SNOVA plaque.jpg

The intended site is the exhibition hall on the first floor of the Macronix headquarters. It is the closest public accessible building from where sNOVA was originally developed.

SNOVA place.jpg

Are the original buildings extant?


Details of the plaque mounting:

The intended location is an exhibition hall on the first floor of the headquarters of Macronix. A picture giving an overview. A picture giving an overview of the hall is shown below.

How is the site protected/secured, and in what ways is it accessible to the public?

The building is open on weekdays. The site is protected/secured by a security company and security cameras.

Who is the present owner of the site(s)?


What is the historical significance of the work (its technological, scientific, or social importance)? If personal names are included in citation, include justification here. (see section 6 of Milestone Guidelines)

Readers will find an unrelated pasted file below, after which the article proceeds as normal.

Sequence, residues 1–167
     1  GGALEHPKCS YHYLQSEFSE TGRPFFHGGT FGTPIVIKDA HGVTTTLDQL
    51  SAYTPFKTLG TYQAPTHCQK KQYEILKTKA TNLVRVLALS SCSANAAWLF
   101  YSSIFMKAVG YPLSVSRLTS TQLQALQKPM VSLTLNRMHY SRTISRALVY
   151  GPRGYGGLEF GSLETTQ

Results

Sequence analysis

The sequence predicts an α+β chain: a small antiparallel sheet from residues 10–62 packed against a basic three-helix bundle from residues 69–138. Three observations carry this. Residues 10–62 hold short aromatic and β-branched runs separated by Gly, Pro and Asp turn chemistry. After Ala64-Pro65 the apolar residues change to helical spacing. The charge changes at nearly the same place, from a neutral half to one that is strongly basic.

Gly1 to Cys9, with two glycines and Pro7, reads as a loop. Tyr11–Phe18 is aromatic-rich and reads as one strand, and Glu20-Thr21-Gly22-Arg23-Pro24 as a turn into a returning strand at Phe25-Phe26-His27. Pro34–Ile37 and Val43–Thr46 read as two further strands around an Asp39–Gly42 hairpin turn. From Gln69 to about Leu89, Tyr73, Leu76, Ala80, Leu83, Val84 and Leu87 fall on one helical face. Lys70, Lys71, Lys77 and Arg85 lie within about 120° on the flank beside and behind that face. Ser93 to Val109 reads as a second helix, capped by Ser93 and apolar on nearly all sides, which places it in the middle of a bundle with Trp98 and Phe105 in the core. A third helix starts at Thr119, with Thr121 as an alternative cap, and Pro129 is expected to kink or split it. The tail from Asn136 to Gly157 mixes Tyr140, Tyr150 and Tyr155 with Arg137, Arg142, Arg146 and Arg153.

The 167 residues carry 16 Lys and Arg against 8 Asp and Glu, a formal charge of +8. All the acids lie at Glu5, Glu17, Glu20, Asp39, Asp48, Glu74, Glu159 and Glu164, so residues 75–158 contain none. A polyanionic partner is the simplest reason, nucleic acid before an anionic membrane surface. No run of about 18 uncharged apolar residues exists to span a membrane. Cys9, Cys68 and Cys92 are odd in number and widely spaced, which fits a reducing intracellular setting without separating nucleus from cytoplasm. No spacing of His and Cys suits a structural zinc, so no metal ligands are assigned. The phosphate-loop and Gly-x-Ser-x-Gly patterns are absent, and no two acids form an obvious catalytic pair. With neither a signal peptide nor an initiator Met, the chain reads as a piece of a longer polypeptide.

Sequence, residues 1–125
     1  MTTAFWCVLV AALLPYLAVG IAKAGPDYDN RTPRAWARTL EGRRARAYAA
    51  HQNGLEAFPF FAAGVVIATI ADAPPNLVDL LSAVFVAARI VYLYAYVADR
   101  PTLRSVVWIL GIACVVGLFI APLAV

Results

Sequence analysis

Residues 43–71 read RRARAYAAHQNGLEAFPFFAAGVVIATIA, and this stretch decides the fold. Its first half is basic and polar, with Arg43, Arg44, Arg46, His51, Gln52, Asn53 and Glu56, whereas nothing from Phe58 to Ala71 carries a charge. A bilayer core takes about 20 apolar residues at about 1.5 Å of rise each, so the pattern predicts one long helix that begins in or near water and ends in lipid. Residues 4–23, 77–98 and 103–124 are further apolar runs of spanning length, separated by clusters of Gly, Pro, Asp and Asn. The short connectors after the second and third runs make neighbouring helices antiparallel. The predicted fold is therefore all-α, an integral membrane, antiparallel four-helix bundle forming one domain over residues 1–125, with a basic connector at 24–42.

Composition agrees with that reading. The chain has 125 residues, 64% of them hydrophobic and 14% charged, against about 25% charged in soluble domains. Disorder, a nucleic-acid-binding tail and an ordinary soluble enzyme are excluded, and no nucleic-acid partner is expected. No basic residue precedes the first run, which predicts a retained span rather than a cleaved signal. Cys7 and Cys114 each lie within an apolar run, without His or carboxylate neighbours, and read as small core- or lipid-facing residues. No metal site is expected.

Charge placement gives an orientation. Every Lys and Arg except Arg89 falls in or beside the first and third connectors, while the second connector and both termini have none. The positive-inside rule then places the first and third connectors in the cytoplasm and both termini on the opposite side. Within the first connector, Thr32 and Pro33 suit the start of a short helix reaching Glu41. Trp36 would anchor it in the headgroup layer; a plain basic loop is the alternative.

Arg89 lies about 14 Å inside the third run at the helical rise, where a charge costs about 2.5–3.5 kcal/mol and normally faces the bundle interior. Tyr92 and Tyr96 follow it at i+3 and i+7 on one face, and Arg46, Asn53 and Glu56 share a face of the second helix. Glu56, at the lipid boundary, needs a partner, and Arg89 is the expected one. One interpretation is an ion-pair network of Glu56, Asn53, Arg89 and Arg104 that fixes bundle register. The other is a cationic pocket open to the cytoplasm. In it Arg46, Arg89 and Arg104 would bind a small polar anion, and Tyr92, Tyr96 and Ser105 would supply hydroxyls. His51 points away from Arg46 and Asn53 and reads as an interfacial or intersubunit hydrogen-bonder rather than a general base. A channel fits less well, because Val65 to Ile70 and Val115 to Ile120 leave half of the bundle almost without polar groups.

sNOVA leads global semiconductor manufacturing into the era of AI and Big Data

In 1989, Macronix took the lead in Taiwan and the world to employ statistics experts in semiconductor fabs. Combining statistics and semiconductor knowledge, Cheng-yung PENG (彭誠湧), a Statistical Process Control (SPC) engineer and head of the in-house SPC system project, led the team to develop the prototype of the engineering data analysis system sNOVA, which can quickly find problems that cause abnormal quality or low yield and ensure the highest quality products and services for customers.

As a pioneering system in Taiwan, sNOVA ushered in the era of AI and Big Data in global semiconductor manufacturing, and made Macronix a paperless fab from day one.

sNOVA had triggered other high-tech companies in Taiwan to learn the know-how and develop a system of their own to level up the quality of products.

Take Taiwan’s United Microelectronics Corp. and Taiwan Semiconductor Manufacturing Co., Ltd., which has the highest market share in wafer production in the world, for example, they both build computerized systems after Macronix, not only to boost in-house management efficiency, but also to integrate production lines. The breakthrough had paved the way for Taiwan to play a key role in global chip manufacturing.

C.C. Wei, president of TSMC, praised the mindset and practice of Macronix as “very innovative”. [1]

The system has effectively improved product defect rate from PPM to PPB

Fig.1 Maxronix has increased the product defect rate from PPM to PPB.